By the time you finish reading this sentence, allegedly 17 MB of data has been generated for every person on earth1. But what does that really mean?
We are “datafied” in one way or another. Our thoughts, actions, and other facets of life are captured, transformed, and quantified into inputs for tracking, benchmarking, predicting, and so on. If we’re not careful, we could forget that the data come baked in with biases or other imperfections. Or worse, we forget that actual living people are behind some of these numbers.
When Singapore (my home country) released its census results in 2021, I tried using a human-centred lens to sift through the data. In the process, I discovered a story about gender roles, marriage, and work.
It wasn’t a story that the official reports and news highlighted as much, so I created a mini-scrollytelling project around it. This scrollytelling project is available here: https://www.alexandrakhoo.com/2020-census-gender-roles/.
Here are the three questions that motivated and shaped my project:
1 When does the status quo prevail for a group, and when does it not?
Asking such questions about the status quo helps us to disambiguate outcomes from the social beliefs and practices propping them up. For instance, women tend to be underrepresented at the higher end of the pay spectrum. The census data also bores this out.
However, if we were to zoom into the data on singles within the top-earning bracket, women become the majority in this subgroup. This difference suggests that depending on one’s gender role, there is some kind of trade-off between married life and work life.
2 Between groups of people, which patterns tend to hold true for some more than others?
Sometimes a norm doesn’t get questioned even if it’s unfair; it’s so commonplace, it fades into the background. Contrasting across categories of people casts this reality into sharp relief. It’s similar to using a ‘gender-flip’, like switching the superhero outfits and postures of men and women in comics to highlight the oversexualisation of the female body.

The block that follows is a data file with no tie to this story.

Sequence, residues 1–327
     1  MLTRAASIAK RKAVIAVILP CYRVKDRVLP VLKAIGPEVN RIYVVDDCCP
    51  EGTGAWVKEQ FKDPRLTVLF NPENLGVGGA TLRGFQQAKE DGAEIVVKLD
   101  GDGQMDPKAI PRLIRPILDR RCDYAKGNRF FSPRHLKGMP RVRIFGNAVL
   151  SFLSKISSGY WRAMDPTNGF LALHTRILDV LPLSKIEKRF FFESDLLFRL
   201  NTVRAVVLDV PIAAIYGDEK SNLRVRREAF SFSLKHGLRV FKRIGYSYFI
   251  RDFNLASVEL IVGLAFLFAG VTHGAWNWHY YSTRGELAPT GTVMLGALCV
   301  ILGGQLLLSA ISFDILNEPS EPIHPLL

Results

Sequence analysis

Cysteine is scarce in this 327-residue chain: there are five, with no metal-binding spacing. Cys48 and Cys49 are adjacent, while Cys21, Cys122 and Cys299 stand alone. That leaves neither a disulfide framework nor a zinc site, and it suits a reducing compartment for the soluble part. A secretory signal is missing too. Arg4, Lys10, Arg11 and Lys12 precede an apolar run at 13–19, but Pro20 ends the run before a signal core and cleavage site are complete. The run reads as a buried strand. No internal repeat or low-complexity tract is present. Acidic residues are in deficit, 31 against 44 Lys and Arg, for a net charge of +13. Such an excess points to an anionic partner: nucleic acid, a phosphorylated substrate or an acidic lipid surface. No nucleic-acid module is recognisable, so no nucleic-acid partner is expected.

In my project, by showcasing how people’s most common reasons for not working differs, it spotlights the disproportionate weight of household duties that women in Singapore continue to bear.
3 Which groups of people are not so visible in the dataset?
Even in something as comprehensive as a census—a detailed demographic breakdown of people living in a country—the categories used can restrict which identities get attention. When a dataset differentiates only between ‘men’ and ‘women’, nonbinary people are missing from consideration. Or if households are categorised as belonging to a single ethnic group or another, where is the space for interracial couples and families?
A similar risk of exclusion applies when we don’t consider minority groups along other identity lines. People serving roles outside of the current norms may get sidelined in public policy considerations—male caregivers and their access to paid family leave, for instance.
What if, instead of treating data as the ‘new oil’, we pause and ask, How can we humanize data? Further, how can we use data to shed light on how power and privilege operates when the data itself is an artefact of an unequal world? Works like Catherine D’Ignazio and Lauren Klein’s Data Feminism and Jer Thorp’s Living in Data have been valuable resources for me in navigating these data-related decisions. Admittedly these aren’t easy questions, but they are a start in imagining and working towards a more equitable future.
Alexandra Khoo is on a mission to bring clarity to the complex as a strategist, analyst, and dataviz designer. She shares data stories on her website at www.alexandrakhoo.com. When out in the real world, she can be found bouldering or hanging on gymnastics rings.
1 The Lowy Institute. Big Data. https://interactives.lowyinstitute.org/charts/the-interpreter/big-data/.